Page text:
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Copyright 2012 Rocky Mountain Rider. ALL RIGHTS RESERVED. Reproduction of any editorial material, artwork and photos is strictly forbidden without express written permission of the publisher. For information about reprint rights, please contact the editor;



Part 1
The Horse We Won at the Grocery Store

By Heather Smith Thomas, Salmon, Idaho


April 2012 issue

             When I was 11 years old (in 1955), the second summer my family lived in a little log cabin up Withington Creek, we unexpectedly became the owners of a second horse. We acquired that horse under unusual circumstances.

            My mom bought groceries at a little market in town, owned by friends named Capps, who also owned a ranch along the Salmon River . That spring, the Capps were giving away a “palomino pony” in a sales-promotion drawing at their store. Everyone who bought groceries received a ticket for the drawing, each time they made a purchase. At the end of a certain period of time, all ticket stubs at the store were put into a large bowl and the winning number was drawn. That number was posted in the store and mentioned in the local newspaper (this was before we had a radio station in Salmon) but no one ever came forth to claim the prize.  


            One day my mom was in the store and Mrs. Capps mentioned that they still hadn’t found the person with the winning ticket. Mom still had all her ticket stubs in her purse, but she’d never looked at them—because in truth, she wasn’t interested in winning a horse. But she dug them out, and sure enough, she had the winning number.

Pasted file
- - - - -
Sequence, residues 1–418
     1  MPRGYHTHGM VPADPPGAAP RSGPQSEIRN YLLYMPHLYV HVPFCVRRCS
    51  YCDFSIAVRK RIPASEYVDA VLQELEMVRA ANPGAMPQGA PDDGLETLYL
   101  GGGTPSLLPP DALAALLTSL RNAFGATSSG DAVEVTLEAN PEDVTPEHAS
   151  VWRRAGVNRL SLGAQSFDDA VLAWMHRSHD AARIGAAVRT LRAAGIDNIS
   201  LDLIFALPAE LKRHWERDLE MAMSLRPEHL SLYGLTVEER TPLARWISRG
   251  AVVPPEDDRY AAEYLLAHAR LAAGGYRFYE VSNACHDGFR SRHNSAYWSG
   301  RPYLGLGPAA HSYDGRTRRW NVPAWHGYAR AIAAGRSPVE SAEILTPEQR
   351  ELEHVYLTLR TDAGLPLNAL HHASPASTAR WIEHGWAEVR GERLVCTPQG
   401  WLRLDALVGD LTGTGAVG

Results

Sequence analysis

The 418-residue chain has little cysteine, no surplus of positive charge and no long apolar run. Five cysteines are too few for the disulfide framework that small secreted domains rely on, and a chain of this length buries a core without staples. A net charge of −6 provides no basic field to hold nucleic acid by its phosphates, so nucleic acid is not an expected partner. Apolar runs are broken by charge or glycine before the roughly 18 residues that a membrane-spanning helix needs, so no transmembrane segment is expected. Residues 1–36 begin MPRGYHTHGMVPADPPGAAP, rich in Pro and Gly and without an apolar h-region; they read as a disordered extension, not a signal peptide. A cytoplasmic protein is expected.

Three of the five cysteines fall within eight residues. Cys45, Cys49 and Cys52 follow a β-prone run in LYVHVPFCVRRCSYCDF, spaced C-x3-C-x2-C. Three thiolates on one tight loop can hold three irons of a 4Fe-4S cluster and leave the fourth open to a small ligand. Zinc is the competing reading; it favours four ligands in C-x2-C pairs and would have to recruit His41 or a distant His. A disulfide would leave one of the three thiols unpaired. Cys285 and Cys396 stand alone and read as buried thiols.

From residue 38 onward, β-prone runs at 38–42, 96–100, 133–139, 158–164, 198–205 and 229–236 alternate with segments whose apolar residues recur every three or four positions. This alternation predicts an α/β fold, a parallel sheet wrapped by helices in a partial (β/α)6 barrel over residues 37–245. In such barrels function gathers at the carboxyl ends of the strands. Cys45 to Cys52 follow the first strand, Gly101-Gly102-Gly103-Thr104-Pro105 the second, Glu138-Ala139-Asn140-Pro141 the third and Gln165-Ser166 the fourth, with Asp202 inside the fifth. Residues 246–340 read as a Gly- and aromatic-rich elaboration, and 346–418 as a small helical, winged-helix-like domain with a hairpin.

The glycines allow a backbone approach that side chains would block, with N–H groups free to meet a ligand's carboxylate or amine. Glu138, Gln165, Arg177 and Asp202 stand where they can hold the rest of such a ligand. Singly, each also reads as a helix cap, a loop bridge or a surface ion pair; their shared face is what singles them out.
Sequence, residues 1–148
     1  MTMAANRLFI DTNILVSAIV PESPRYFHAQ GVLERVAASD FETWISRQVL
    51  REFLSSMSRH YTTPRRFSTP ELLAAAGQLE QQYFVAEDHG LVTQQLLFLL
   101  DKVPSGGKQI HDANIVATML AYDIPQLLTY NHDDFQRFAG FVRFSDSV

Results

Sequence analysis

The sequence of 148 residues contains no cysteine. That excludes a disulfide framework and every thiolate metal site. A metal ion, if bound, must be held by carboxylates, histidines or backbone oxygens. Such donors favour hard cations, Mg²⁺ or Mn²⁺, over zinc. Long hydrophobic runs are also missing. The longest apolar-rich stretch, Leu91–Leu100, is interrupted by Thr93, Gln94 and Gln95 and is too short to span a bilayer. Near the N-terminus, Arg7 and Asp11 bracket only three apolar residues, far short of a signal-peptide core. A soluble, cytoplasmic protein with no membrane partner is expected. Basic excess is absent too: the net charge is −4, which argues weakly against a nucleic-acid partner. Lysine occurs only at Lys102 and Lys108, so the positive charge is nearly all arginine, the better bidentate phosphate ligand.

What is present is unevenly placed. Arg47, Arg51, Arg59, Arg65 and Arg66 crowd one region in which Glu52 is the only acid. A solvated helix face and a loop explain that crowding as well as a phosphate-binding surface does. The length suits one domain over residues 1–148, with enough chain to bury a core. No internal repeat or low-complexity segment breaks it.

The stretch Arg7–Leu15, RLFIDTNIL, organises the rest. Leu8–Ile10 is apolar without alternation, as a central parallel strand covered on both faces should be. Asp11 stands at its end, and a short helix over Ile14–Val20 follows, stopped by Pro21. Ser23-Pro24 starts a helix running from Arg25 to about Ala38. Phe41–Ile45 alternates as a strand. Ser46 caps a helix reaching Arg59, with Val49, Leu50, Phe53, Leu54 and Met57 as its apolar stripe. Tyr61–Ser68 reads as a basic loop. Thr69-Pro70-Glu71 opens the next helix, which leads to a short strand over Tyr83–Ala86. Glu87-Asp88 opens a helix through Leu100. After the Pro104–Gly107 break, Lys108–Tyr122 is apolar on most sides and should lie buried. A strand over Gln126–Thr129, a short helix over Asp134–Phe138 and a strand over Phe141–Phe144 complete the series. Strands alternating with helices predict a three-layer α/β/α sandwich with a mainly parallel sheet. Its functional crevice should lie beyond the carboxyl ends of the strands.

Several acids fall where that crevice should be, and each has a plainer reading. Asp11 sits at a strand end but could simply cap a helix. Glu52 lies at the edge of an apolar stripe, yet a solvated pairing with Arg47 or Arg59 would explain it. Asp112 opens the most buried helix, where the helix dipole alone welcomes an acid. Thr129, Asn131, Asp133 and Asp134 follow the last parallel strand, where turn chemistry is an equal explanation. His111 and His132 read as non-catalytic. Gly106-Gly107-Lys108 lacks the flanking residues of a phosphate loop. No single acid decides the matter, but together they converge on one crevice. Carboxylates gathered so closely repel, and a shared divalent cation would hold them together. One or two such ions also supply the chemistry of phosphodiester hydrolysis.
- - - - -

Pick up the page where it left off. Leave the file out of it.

The horse we won turned out to be a large buckskin mare named Nosey. The intended “palomino pony” had drowned while crossing the river that spring during high water, and Nosey was a substitute.

            My dad borrowed a trailer to get our new horse and bring her home. Nosey was very tall, and a bit skittish, and she became very nervous while riding in the trailer. It was a small, open-top trailer—not a horse trailer--and when it started bouncing on the rough little jeep track up to our cabin, Nosey tried to jump out. Fortunately my dad was going very slowly, and Nosey wasn’t hurt when she leaped out of the trailer; she suffered only minor scrapes.

            Her head was still tied to the front of the trailer, however, and she was hanging there by the halter, about to choke. My little brother, Rocky, and I had been watching out the back window of our car and we saw her leap over the side of the trailer.  


            We yelled at dad and he immediately stopped the car and we all jumped out and ran back to rescue Nosey. Rocky had a pocketknife, and dad used it to cut the rope and free the mare. She stood there shaking and trembling, and we petted and talked to her, then let her eat some grass along the road to help calm her. We didn’t put her back into the trailer. We didn’t want to risk having her try to jump out again, so I led her the rest of the way to our cabin—about 1.5 miles.

            Now my old horse Possum had a buddy. When I turned Nosey loose into his pasture, the old lazy gelding suddenly came to life and chased the big mare around and around. I was very upset, afraid he might hurt her, but my dad explained that horses have to establish a “pecking order” to determine who is boss. Dad said that once they figure it out, they’d get along fine. In a herd, there’s always one horse who is boss, and the others stay out of his/her way, letting the boss drink first, or eat the best food. The older ones usually boss the younger ones, and they all accept their place in the system except when an aggressive younger horse moves up through the ranks and starts bossing some of the others.